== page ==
The Gophers played the first 35 seasons with John Anderson as head coach without a single starting player who came from the Minneapolis City Conference.
Now the Gophers have one, and as Anderson said, “He’s been a lifesaver.”
Jordan Kozicky, a redshirt freshman from Minneapolis Southwest, leads the team’s regulars with a .356 batting average and .473 on-base percentage.
A super-utility player who has patched holes caused by injuries at several positions, Kozicky has reached base in 22 consecutive games.
“He brings a smile to your face,” said Anderson, whose team plays host to Georgia State on Tuesday night.
Kozicky came through the Minneapolis youth baseball system and sharpened his development with offseason training at the Hit Dawg Academy in Chaska.
When it came time for high school, Kozicky said his first and only choice was Southwest.
“I never even really considered going anywhere else,” he said. “I had friends that for other sports did that. They would go to private schools or even sometimes suburban schools, but Southwest is a great school. They have the best baseball team in Minneapolis, so I was proud to go there.”
Kozicky was a three-time all-conference selection for the Lakers and drew attention from the likes of North Dakota and North Dakota State. He wasn’t on the Gophers’ radar until a coach from St. Cloud Technical College told their coaches he was worth a look.
“We liked his makeup,” Anderson said. “He loved playing the game, very passionate. Obviously, the competition in the conference he played in made it harder to probably get a true evaluation of where he was at.
“We asked him to come as a recruited walk-on — without aid — and he didn’t hesitate. He’s just been thankful to be here. That [scholarship situation] will change. He’s earned it.”
Jared Mountain, in his 21st season as Southwest’s coach, sees Kozicky’s story as proof there is talent in the Minneapolis City Conference. Asked why more Division I players haven’t been plucked from the conference, Mountain cited economics.
“The traveling teams have become so huge now, and travel baseball is expensive,” he said. “My son plays in Burnsville, and there are 58-60 kids playing travel ball there at 10 years old.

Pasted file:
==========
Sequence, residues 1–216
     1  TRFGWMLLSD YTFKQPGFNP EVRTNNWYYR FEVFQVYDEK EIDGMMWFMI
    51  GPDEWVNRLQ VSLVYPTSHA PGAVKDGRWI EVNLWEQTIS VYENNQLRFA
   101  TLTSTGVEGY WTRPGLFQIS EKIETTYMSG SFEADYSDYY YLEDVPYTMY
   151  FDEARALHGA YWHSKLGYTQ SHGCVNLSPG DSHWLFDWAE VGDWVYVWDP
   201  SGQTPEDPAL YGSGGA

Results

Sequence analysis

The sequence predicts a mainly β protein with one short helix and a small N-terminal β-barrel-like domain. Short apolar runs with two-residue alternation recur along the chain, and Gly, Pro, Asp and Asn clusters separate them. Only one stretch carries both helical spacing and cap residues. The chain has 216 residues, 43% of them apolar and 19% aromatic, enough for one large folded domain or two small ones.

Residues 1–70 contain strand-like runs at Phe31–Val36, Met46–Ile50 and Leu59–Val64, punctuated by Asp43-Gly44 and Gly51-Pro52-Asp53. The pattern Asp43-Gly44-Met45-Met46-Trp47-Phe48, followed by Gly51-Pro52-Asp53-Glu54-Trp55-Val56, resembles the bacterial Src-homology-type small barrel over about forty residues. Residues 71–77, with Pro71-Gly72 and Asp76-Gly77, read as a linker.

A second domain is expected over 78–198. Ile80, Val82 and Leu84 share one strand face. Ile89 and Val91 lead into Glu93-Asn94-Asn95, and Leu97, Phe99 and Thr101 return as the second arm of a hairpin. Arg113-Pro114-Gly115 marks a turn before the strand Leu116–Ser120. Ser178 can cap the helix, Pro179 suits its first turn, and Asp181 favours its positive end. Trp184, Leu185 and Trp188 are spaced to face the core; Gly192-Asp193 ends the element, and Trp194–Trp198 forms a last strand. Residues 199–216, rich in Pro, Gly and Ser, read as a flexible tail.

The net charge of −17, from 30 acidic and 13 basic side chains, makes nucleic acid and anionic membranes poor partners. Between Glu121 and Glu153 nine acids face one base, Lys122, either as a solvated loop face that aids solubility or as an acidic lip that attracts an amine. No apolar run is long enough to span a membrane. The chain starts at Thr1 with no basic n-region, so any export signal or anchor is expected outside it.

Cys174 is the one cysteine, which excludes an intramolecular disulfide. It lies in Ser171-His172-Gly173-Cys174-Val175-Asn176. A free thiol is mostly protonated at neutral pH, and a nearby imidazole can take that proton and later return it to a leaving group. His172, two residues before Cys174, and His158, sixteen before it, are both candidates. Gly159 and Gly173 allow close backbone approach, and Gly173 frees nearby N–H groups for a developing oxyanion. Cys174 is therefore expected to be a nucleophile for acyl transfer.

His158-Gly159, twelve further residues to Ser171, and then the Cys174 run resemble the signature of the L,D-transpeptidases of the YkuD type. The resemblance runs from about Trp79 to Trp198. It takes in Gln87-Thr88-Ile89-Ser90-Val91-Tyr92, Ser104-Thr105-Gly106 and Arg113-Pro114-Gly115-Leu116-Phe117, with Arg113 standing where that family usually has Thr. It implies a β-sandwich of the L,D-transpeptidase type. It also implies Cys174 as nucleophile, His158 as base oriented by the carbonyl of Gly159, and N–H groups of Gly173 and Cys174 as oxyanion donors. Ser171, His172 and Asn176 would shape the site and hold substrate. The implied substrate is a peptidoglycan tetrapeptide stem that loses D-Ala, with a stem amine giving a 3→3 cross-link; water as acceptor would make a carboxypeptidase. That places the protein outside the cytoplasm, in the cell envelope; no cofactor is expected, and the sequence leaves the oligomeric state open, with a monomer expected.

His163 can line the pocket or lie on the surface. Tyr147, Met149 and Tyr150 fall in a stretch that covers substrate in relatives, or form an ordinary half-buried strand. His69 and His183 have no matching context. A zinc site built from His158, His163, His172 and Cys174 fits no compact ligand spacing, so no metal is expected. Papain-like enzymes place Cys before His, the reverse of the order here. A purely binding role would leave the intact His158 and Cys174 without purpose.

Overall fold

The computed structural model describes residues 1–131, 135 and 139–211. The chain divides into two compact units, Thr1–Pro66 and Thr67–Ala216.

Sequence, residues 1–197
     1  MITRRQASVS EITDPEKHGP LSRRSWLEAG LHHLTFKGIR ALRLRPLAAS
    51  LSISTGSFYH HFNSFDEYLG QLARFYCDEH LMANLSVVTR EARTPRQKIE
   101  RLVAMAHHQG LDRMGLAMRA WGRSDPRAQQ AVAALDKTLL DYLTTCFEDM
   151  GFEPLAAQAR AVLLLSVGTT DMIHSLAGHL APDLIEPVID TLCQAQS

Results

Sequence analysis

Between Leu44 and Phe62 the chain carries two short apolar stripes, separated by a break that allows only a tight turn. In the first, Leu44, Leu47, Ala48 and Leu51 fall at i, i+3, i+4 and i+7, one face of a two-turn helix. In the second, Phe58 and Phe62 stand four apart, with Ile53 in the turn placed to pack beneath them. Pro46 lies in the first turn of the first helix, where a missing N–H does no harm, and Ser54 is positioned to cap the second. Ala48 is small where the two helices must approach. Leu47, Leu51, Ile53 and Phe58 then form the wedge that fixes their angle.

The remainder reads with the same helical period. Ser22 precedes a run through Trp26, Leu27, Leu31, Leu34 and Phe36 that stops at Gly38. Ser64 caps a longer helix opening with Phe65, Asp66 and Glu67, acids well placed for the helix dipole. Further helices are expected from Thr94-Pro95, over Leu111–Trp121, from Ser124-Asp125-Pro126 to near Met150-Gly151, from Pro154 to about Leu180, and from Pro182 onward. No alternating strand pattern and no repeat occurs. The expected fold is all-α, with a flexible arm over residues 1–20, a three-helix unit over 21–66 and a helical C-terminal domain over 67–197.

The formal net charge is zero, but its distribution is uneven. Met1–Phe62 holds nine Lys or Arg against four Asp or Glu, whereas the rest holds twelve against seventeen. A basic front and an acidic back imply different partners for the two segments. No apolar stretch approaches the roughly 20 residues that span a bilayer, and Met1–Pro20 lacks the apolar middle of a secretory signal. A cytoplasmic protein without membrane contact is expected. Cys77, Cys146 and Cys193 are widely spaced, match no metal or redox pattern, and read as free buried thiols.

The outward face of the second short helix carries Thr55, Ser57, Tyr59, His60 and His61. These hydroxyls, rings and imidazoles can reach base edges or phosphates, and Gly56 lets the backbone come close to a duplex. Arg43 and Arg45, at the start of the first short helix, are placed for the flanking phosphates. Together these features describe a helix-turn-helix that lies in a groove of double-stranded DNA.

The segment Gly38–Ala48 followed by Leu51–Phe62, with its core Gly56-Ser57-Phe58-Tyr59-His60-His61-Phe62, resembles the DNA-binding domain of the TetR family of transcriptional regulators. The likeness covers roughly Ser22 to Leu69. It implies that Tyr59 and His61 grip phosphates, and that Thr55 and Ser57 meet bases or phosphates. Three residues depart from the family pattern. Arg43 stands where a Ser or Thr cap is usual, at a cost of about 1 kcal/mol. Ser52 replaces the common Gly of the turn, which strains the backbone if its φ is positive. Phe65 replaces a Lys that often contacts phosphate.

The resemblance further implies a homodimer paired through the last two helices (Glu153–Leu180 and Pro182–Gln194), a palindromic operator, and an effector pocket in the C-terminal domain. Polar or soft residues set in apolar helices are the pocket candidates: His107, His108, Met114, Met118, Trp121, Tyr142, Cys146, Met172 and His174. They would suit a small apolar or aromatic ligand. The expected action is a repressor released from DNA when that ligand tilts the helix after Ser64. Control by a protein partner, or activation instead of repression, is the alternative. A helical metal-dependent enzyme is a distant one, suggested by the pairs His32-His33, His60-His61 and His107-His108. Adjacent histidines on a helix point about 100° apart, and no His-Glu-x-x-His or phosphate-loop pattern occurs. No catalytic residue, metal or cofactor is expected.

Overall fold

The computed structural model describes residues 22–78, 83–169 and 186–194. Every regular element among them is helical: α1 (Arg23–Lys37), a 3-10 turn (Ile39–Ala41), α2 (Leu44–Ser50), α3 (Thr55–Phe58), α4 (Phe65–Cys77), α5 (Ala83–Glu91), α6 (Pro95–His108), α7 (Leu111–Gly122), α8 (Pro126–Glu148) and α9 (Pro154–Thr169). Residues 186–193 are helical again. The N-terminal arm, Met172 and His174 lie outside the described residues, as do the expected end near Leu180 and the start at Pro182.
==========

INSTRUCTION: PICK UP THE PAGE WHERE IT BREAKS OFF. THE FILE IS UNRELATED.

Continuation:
“So those schools just have more depth than we do. But my point has always been, as a city school — if you’re good enough, they’ll find you.”
At 6-1 and 180 pounds, Kozicky is wiry strong, with a good arm and soft hands. He was primarily a shortstop and pitcher in high school but did some catching, too.
He redshirted last season as the Gophers won their first Big Ten regular-season title since 2010 and spent his summer playing for the Mankato MoonDogs, making the Northwoods League all-star team.
“The first game, they asked me if I can play first base, which I’d never played in my life,” Kozicky said. “I just played it. I didn’t think anything different. It’s all baseball. I also played a lot of outfield over the summer, for the first time of my life, as well.”
He started this season on the Gophers bench but delivered some good at-bats as a pinch hitter. Anderson said he was almost ready to give Kozicky a start at designated hitter in mid-March, when starting third baseman Micah Coffey went down because of a sprained ankle.
Kozicky took over at third base and immediately stood out with his quality at-bats and glove work.
“The coach from Ohio State came up to me [March 25] and said he’s never seen a third baseman play like that,” Anderson said.
With Coffey back from his injury, Anderson has been moving Kozicky around. Last Tuesday, in a one-run victory at Northern Illinois, Kozicky started at shortstop in place of starter Terrin Vavra and made nine assists.
“I can’t remember a time anybody had nine assists,” Anderson said.
Now, with center fielder Alex Boxwell injured, Anderson has been using Kozicky in left field, with Jordan Smith moving over to center. Anderson mentioned catcher as another option for Kozicky and said the coaching staff even approached him about relief pitching.
“He said, ‘Sure.’ He pitched in high school, had a pretty good slider,” Anderson said, smiling. “So he might be doing that before it’s over.”
It took Anderson decades to find a Minneapolis City Conference standout, but so far, it’s been worth the wait.